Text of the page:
Synonyms: Apistogramma marmoratus, A. U-2
Physical description: Males have highly developed fins. The dorsal fin's first three to five rays are elongated and stand out among the others. The dorsal tip comes to a sharp, elongated point. The caudal fin is forked and the anal fin's tip comes to a point. Females, by contrast, have less elaborate fins. The male's coloring depends on its population, and thus can be varied. The most common variety has a brown to gray body coloring. The belly is golden-brown as are the anal, pelvic, and dorsal fins. The anal fin is edged with a blue-green fringe, as are the pelvic fins. The pointed dorsal rays are tipped with orange, that become green before reaching the main part of the fin, which is gold. The body is marked with one lateral stripe that extends from the eye to the caudal fin. Below this stripe are three shorter lines. Depending on the mood of the fish, five to seven broad bands are visible on the upper back. The eye is marked with a stripe that extends down to the corner of the gill cover. The tail green with a series of red spots on the upper lobe. Females are much drabber in color.
Size/Length: Males to 3.5" (9 cm), females to 2" (5 cm)
Similar species: Banded Dwarf Cichlid ( A. bitaeniata)
Habitat: Shallow, still to slow-moving bodies of water with leaf litter as a substrate. This species inhabits clear and white water bodies of water. South America; Yavari River along the border of Brazil and Peru.
Aquarium: The tank should measure around 32" (81 cm) with a capacity of 30 gallons (114 L). Use a cover of floating plants to diffuse the lighting. The substrate should be dark. The tank should be heavily planted with many hiding areas among rocks, wood, and roots. Cover the tank well.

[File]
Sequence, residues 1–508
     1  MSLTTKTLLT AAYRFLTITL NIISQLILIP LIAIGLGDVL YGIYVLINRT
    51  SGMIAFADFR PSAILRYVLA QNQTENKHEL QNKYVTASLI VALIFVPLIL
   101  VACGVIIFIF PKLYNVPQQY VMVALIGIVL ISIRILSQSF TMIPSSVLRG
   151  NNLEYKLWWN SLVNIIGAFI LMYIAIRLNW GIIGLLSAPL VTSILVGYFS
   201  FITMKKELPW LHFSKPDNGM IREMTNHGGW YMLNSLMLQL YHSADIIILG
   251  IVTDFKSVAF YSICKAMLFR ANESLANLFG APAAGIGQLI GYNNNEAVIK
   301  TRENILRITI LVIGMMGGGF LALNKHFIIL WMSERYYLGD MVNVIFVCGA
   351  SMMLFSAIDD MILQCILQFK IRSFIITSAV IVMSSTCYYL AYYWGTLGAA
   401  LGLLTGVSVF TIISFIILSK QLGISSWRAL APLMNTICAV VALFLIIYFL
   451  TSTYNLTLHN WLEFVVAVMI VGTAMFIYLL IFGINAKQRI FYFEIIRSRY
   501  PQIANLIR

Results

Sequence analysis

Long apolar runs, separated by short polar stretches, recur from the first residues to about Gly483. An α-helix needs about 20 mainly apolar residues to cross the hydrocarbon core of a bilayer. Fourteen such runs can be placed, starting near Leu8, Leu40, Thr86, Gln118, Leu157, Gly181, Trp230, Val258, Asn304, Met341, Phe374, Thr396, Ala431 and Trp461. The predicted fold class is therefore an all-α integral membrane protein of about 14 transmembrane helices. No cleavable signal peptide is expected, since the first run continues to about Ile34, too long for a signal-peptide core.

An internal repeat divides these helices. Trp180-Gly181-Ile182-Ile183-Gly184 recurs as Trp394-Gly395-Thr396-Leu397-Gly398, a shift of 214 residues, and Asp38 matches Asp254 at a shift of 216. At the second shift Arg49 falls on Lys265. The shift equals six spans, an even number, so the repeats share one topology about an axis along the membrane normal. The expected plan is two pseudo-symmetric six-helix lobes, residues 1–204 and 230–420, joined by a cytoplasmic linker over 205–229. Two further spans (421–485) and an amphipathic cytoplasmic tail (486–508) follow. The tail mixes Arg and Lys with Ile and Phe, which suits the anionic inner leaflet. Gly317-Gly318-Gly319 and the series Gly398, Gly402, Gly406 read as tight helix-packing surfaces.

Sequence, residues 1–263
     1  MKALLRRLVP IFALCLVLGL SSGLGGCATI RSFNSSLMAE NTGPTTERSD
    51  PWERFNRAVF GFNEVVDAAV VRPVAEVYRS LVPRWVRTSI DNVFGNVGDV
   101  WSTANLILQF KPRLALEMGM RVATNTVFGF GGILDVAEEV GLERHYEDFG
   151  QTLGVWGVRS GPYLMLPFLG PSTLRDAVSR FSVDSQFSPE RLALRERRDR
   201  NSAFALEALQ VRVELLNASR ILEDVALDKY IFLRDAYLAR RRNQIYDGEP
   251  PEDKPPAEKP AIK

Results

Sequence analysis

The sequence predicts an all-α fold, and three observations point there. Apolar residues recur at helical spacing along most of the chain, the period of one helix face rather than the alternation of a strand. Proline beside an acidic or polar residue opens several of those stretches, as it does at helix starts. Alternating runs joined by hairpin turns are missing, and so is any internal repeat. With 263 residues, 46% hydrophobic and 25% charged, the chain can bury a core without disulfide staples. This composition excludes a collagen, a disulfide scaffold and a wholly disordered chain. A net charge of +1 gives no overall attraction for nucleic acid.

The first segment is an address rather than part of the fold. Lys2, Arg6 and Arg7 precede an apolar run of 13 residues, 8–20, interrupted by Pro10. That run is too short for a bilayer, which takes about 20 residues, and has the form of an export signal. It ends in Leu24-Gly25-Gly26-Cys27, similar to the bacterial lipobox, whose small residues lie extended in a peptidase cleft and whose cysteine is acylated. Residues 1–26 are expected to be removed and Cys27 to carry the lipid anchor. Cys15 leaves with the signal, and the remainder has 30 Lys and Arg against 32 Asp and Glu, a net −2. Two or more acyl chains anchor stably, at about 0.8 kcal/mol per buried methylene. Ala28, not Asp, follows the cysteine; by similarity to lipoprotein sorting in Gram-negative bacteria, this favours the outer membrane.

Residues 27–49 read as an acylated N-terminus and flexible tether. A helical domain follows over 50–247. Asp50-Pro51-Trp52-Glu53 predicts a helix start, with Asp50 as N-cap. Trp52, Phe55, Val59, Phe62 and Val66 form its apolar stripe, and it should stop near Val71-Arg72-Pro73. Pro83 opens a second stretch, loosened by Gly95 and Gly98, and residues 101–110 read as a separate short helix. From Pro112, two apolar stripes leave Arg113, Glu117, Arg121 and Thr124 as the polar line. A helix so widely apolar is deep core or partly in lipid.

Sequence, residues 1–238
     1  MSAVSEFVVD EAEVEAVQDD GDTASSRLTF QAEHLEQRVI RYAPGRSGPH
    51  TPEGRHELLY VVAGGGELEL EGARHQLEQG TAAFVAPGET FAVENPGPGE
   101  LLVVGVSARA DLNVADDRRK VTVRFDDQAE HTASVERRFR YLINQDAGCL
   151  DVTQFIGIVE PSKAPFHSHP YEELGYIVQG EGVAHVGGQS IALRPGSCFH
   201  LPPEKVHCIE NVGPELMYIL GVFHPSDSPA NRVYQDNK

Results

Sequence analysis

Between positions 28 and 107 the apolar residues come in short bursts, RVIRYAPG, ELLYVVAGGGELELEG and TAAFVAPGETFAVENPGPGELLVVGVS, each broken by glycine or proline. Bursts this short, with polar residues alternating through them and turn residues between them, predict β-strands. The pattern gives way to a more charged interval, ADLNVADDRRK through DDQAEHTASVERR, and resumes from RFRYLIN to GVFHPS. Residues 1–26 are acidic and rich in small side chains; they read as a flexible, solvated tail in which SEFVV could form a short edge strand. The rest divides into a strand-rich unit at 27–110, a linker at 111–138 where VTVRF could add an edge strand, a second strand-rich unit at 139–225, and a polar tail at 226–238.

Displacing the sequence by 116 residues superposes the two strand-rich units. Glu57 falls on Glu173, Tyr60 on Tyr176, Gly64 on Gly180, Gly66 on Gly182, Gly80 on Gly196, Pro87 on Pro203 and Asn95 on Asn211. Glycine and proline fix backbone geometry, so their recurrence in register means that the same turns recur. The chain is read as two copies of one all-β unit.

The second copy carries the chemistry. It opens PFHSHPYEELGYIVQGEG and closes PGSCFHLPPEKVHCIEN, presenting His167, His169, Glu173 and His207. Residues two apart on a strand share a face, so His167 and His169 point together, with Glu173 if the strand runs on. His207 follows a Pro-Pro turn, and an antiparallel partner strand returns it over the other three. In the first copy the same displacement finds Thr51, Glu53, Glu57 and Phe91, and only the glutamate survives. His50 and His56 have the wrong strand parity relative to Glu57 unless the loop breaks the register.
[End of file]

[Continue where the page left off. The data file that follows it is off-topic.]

Water chemistry: pH 6.2-7.7 (6.7), 5-16 dH (10), 75-81°F (24-27°C)
Social behavior: A territorial fish that can be combined with other Apistogramma species, catfish, and schooling fish of the upper swimming levels. Males form harems, thus one male should be kept with several females. Males are pugnacious during the spawning season and may attack other fish in the tank-including the females.
Suggested companions: Corydoras , tetras, pencilfish, hatchetfish, Loricarids, Apistogramma.
FOOD: Live; crustaceans, insects, insect larvae; flakes; pellets; tablets; finely chopped meat.
SEX: Males develop the characteristic 'peacock' crest, are larger and more colorful. The male's caudal fin is forked.
Breeding techniques: Use water with a pH from 6.8-7.2, a water hardness of 10 dH, and a temperature 79-84°F (26-29°C). Each female should be provided with a cave or over-turned flower pot to defend. The females lay up to 100 eggs on the ceiling of the site. The female guards the eggs, while the male guards the harem territory. The eggs hatch after three to four days. Start feeding with roftiers, after a week or two, the fry can be fed with nauplii. As the fry grow, they may change from one mother to another.
Breeding potential: 7. Breeding is fairly difficult.
Remarks: The Cockatoo Dwarf Cichlid requires frequent partial water changes in order to prosper. Several different color variations have been exported including a popular red-spotted form. Well-maintained water leads to the beautiful colors that this fish is known to develop.
Difficulty of care: 5. The Cockatoo Dwarf Cichlid is among the hardiest of all Apistogramma species.
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